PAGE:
All further rejoicings were, however, rendered unseasonable by the rapid increase of the plague, which having declared itself with great virulence at Fontainebleau, induced the hasty departure of the Court; and the illustrious guests having taken leave of the King and Queen laden with rich presents, their Majesties, with a limited retinue, repaired for a time to Montargis.
These baptismal festivities had not, meanwhile, been without alloy to the dissipated monarch. Despite the fascination of the wily Marquise, and the charms of the Comtesse de Moret, Henry was by no means insensible to the attractions of the many beautiful women who followed in the suite of the Queen at the august ceremony just described; and, among others, he especially honoured with his notice the Duchesses de Montpensier and de Nevers.
In neither case, however, was he destined to be successful, both these ladies possessing too much self-respect to accord any attention to his illicit gallantries; and this failure, especially with the latter, of whom he had become seriously enamoured, only tended to re-engage him with Madame de Verneuil. Throughout all the period occupied by the christening festivities, Madame de Nevers had been the object of his special pursuit; but so carefully did she avoid all occasions of private conversation, that the King, unaccustomed to so decided a resistance, became irritated to a degree which induced her to escape from the Court as soon as the found it practicable; and accordingly, on the very day after the festivities, she left Fontainebleau without any previous intimation of such a design, resisting all the efforts made by the sovereign to detain her. Nor did she yield to his subsequent endeavours for her recall, but on the appointment of her husband during the following year to the embassy at Rome, she accompanied him thither; and several months elapsed ere she reappeared in France, where her duty having compelled her to pay her respects to the Queen on her return, Henry was so little master of himself as to display his mortification by inquiring who she was, and on her name being announced, to exclaim loud enough for her to hear his reply: “Ha! Madame la Duchesse de Nevers! She is terribly altered.”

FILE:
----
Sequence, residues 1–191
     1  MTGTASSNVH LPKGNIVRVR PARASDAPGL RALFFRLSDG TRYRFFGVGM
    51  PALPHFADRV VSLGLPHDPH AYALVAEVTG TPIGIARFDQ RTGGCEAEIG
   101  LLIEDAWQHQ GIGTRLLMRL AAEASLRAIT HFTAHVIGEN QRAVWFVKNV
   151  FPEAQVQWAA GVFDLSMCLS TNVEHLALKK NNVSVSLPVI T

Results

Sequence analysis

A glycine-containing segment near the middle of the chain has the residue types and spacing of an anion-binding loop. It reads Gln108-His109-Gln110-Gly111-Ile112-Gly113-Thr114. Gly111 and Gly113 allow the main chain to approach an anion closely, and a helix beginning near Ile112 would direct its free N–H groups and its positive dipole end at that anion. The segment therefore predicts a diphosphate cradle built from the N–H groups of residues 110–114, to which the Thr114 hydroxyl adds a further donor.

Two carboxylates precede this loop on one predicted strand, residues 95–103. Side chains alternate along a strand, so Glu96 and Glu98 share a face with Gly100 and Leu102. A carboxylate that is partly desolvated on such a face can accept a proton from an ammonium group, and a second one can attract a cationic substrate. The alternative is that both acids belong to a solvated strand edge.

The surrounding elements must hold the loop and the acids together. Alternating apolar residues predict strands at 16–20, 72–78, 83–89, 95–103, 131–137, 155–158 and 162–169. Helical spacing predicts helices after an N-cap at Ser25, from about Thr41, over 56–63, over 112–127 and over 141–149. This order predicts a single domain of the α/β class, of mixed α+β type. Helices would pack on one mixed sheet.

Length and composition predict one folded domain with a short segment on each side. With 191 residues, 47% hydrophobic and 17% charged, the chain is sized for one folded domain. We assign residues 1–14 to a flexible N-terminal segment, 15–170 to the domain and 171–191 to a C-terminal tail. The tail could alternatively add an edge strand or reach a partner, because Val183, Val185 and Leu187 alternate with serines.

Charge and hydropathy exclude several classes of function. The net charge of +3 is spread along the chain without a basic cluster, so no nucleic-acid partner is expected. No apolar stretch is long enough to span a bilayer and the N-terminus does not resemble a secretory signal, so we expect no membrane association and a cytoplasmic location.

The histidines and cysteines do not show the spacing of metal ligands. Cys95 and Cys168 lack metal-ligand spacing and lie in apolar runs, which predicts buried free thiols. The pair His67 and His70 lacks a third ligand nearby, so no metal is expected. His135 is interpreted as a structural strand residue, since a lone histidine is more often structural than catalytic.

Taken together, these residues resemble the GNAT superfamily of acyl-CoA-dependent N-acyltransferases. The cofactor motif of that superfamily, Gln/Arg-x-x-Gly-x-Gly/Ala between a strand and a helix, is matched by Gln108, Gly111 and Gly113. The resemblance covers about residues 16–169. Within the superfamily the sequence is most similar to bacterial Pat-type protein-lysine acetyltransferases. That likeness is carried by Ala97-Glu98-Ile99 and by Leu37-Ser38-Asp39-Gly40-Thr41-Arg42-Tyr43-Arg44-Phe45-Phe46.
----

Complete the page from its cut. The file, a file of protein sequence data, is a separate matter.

The shaft fell harmless. The lady evinced the most perfect composure under the royal criticism, and having fulfilled her duties as a subject towards her sovereigns, she once more withdrew from the Court, and terminated her life as she had commenced it, without scandal or reproach.
 Mamanga was the name given in playfulness by the Dauphin to Madame de Montglat.
 Madame de Drou was the governess of the infant Princess.
 Mademoiselle de Piolant, femme-de-chambre to the royal children.
 Sully, Mem. vol. vi. pp. 151-161.
 Bassompierre, Mem. p. 45.